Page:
The Iliad Author/Context
Most scholars agree that the time period in which the events in the Iliad took place was about 1200 B.C.E. Similarly, most scholars believe that the Iliad was not written down until somewhere between 800 and 600 B.C.E. During and prior to this time period, there was a strong oral poetic tradition which involved traveling poets called rhapsodoi. These poets performed to audiences all over Greece. They sang the lines of epic poems while playing the lyre. Homer is believed to have been one of these poets. The modern understanding is that the story of the siege of Troy, an integral part of Greek mythology, was not created by a single man. The epic form of this tale as we know it is most likely the synthesis of several oral traditions. The twenty four books of dactylic hexameter we now know as the Iliad have been transmitted with various textual variation since around 300 B.C.E.
The oral poetic tradition thrived before the advent of writing. The people who lived in and around Greece at this time lived mostly in rather isolated city-states. Frequent festivals were held where singers and poets would compete for prizes. Out of this tradition comes the Homer whom tradition maintains was born on an island bordering the Ionian Sea. Homer not only composed the two epics that now bear his name, but he also composed numerous hymns. He is often coupled with the archaic poet Hesiod who wrote the Theogony and Works and Days. While his works are on a different subject matter than Homer's, the two authors share many similarities. Both authors are said to have sung their works all over the Greek mainland. The recitation of the Iliad was recorded as one of the early events at the Olympic games.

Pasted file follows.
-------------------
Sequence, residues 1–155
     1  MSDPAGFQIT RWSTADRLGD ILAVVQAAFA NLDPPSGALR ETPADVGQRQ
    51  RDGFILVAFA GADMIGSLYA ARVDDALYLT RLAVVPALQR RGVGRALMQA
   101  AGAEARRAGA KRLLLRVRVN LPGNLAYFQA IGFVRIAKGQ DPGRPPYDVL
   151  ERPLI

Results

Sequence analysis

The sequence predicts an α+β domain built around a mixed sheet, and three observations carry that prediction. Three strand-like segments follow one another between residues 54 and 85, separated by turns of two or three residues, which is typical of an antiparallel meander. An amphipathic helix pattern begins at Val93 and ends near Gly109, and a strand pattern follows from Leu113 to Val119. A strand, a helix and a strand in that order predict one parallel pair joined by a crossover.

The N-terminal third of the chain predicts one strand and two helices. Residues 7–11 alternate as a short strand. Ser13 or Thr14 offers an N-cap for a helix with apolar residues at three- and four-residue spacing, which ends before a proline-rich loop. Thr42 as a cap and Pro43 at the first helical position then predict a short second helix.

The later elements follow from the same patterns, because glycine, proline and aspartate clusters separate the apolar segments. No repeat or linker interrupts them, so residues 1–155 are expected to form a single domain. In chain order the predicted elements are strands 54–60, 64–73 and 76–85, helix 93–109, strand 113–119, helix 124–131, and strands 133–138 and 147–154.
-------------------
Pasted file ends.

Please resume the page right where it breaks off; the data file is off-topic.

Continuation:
The debate around the authorship of the Iliad is not entirely based on the institution of writing, but it is also based on historical and linguistic analysis of the text. The Greek text possesses many dialectical variants. The subject matter of the text, specifically the understanding of warfare and description of phalanxes, calls into question the historicity of its authorship. The Iliad bears such a myriad of different traits that it is almost impossible to conceive of it as the work of a single individual.
The classical tradition, however, is that there was a man named Homer who codified the oral tradition of the siege of Troy. This oral tradition was recorded by others and became the more standard text which we possess today. Although there are still many manuscript variants, the format and the story have remained the same. Through the centuries the Homeric epics have influenced writers and philosophers for many different countries. Every generation, poets and scholars try their hands at translating Homer from ancient Greek into modern languages. Solon is said to have used a portion of Book 2 to assert that Athens had an ancient right to the island of Salamis. In Plato's apology, Socrates compares himself to Achilles and his paradox of living a short glorious life or a long life of anonymity, choosing to die a noble death rather than live in ignominy. According to Oskar Seyffert:
"...the Homeric poems remain unsurpassed as works of art, which have had an incalculable influence not only on the development of literature and art, but also upon the whole life of the Greeks, who from the earliest times regarded them as the common property of the nation, and employed them as the foundation of all teaching and culture."
Edwards, Mark W. Homer: Poet of the Iliad. Baltimore: Johns Hopkins University Press, 1987.
Homer. Iliad. Trans. Robert Fagles. New York: Penguin, 1990.
Jensen, Minna Skafte. The Homeric Question and the Oral-Formulaic Theory. Copenhagen: Museum Tusculanum Press, 1980.
Latacz, Joachim. Homer. Ann Arbor: The University of Michigan Press, 1999.
Muellner, Leonard. The Anger of Achilles. Ithaca: Cornell University Press, 1996.
Plato. Euthyphro, Apology, Crito. Trans. F. J. Church. Upper Saddle River: Prentice Hall, 1948.
Seyffert, Oskar. The Dictionary of Classical Mythology, Religion, Literature and Art. Trans. Henry Nettleship and J. E. Sandys. New York: Portland House, 1995